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Guest Blogger: Storey Publishing Publicist Amy Greeman

Amy Greeman is currently Publicity Director at Storey Publishing and has worked in publicity for the last 18 years for such organization as HBO, Bantam Doubleday Dell, and Simon & Schuster. She has owned dogs all her life and is currently owned by a Wirehaired Dachshund.


Pets and Books, Books and Pets

Book Expo America is essentially a bookseller’s trade show, but really, it’s so much more than that. Held annually, for the last few years in New York City at the Jacob Javitz Center, BEA is a polyglot of booksellers, bookstore owners, media escorts, librarians, journalists, television producers, publishing executives, publishers, warehousers and distributors, authors, literary agents, really, anyone with even a pinky-toe in the world of words will be there. For years, those of us in publishing bemoan the drop-off in attendance that is usually forecast a few weeks in advance, but when you’re on the floor it often seems like a non-stop whirl of activity, meetings, snacks, and free books. This year promises to be very exciting with Apple’s iPad adapting e-books and applications for those books – I’ll be interested to see how that looks and what books will take off in that format.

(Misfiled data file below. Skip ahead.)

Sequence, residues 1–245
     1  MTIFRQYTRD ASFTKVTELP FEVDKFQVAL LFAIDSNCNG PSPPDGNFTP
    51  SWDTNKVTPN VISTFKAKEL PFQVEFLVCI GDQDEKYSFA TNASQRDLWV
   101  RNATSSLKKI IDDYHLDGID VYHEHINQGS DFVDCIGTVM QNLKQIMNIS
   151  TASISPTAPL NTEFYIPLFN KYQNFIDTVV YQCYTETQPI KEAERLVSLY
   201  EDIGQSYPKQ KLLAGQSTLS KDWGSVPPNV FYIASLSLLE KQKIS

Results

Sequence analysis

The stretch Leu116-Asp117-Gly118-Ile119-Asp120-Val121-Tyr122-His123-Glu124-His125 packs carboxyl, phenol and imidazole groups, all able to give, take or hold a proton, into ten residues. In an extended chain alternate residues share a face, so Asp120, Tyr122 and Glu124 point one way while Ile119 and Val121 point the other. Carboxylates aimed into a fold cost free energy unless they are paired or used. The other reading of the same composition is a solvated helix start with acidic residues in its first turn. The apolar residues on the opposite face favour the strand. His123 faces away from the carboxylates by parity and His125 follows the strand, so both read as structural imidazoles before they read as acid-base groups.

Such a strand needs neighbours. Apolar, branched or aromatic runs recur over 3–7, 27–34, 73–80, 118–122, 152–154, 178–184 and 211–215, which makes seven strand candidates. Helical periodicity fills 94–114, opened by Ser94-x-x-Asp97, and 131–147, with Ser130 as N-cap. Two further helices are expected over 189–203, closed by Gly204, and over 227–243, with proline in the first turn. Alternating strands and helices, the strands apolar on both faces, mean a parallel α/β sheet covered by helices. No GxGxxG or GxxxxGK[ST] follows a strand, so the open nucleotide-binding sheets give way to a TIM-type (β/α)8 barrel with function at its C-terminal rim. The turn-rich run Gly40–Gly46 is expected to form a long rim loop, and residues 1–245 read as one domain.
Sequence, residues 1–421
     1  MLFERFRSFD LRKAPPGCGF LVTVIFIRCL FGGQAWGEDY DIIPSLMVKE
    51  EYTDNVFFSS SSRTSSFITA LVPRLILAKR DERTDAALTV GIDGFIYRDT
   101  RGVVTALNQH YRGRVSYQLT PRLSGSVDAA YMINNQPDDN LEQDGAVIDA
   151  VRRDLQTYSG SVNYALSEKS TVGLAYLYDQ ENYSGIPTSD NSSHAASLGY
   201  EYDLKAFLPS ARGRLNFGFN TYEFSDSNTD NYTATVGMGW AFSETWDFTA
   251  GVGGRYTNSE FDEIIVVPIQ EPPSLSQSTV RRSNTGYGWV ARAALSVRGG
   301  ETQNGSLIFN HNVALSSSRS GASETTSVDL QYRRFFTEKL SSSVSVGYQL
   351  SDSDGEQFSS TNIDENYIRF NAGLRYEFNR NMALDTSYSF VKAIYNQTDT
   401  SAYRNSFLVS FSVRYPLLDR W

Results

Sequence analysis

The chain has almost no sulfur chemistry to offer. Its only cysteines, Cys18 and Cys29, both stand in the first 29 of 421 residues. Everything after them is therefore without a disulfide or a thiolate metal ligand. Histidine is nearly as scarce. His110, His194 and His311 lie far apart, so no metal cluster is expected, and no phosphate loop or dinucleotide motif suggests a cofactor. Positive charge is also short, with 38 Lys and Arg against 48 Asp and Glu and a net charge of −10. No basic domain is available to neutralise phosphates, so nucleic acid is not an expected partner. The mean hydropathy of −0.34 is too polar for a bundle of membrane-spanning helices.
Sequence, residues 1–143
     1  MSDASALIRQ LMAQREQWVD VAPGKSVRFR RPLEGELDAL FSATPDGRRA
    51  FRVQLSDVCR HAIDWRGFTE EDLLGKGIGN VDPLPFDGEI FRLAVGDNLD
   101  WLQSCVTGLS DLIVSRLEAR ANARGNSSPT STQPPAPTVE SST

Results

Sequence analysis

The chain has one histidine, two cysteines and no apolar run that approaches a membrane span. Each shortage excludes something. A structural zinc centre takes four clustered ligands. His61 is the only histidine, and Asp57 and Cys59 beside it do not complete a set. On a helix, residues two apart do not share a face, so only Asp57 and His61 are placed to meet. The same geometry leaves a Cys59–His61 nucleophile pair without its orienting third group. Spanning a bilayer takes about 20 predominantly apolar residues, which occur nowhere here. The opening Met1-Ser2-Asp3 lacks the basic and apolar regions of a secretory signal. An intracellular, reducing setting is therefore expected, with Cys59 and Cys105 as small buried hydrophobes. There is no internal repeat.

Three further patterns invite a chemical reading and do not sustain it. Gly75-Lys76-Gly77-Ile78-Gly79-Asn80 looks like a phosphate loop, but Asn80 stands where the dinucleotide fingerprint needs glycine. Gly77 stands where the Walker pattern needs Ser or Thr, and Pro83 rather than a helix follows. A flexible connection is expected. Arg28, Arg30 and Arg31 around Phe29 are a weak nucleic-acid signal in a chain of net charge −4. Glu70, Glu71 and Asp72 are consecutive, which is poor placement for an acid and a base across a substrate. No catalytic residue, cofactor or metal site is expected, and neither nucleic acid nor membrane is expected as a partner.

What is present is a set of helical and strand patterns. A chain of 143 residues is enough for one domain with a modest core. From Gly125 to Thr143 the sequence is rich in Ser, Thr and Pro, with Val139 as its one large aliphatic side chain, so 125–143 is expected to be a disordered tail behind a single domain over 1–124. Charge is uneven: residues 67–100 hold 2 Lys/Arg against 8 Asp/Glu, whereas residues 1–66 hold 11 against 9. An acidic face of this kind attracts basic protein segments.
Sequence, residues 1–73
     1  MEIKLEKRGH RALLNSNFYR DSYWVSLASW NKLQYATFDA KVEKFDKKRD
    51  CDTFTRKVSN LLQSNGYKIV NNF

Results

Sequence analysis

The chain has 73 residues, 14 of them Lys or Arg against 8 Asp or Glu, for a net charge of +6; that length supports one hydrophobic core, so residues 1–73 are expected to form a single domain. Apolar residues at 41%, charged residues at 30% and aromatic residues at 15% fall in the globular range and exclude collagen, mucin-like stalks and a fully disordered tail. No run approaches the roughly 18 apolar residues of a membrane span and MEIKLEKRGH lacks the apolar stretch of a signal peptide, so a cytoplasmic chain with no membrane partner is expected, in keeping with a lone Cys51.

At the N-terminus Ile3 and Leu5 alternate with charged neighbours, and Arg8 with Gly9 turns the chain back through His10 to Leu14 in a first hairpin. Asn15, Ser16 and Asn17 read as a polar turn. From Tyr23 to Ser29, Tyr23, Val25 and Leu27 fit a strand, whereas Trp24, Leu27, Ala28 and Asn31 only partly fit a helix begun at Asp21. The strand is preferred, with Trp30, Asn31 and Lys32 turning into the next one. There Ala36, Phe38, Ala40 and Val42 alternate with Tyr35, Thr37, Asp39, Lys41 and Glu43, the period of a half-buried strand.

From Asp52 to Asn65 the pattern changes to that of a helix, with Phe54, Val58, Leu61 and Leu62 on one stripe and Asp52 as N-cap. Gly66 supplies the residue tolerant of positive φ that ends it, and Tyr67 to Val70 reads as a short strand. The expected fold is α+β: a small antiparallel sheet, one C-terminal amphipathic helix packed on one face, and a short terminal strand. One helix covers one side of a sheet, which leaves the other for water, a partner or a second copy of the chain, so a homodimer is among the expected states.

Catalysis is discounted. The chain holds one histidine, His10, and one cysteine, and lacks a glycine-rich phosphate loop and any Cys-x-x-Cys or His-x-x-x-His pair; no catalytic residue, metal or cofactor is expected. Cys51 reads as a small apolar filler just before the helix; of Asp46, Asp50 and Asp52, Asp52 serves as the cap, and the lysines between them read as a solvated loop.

For pet books, it’s been a year or two of shifting perspectives. It seems as though the “nuts and bolts” of feeding, training, and behavior education have given way to celebrities with dog books. Cesar Milan has made an empire of his strategies in interpreting canine behaviors, Victoria Stilwell, host of Animal Planet’s “It’s Me or the Dog,” will have a new book shortly, and even a non-name in the animal world, Beth Ostrosky Stern (wife of shock-jock Howard) will be promoting a dog-care handbook she’s written. I’ll be interested to see if books for dog- and cat-owners are still viable right now with no big name attached to them. One of the truisms of publishing in this era of economic uncertainty is that many people will spend money on their children that they wouldn’t spend on themselves, and I wonder if pet-owners and caregivers feel the same way about their animals. Storey Publishing has slowed down on acquiring books on dogs and cats because we’ve found that the books we specialize in, technique and breed books, don’t really sell as well as those flashier celebrity publications, and we aren’t really willing to branch away from our mission statement to accommodate that market segment. But it’ll be an exercise in adaptability to see if the market will return to that “nuts and bolts” plan. Tell me what you think! What’s your prediction for the future of pet books?

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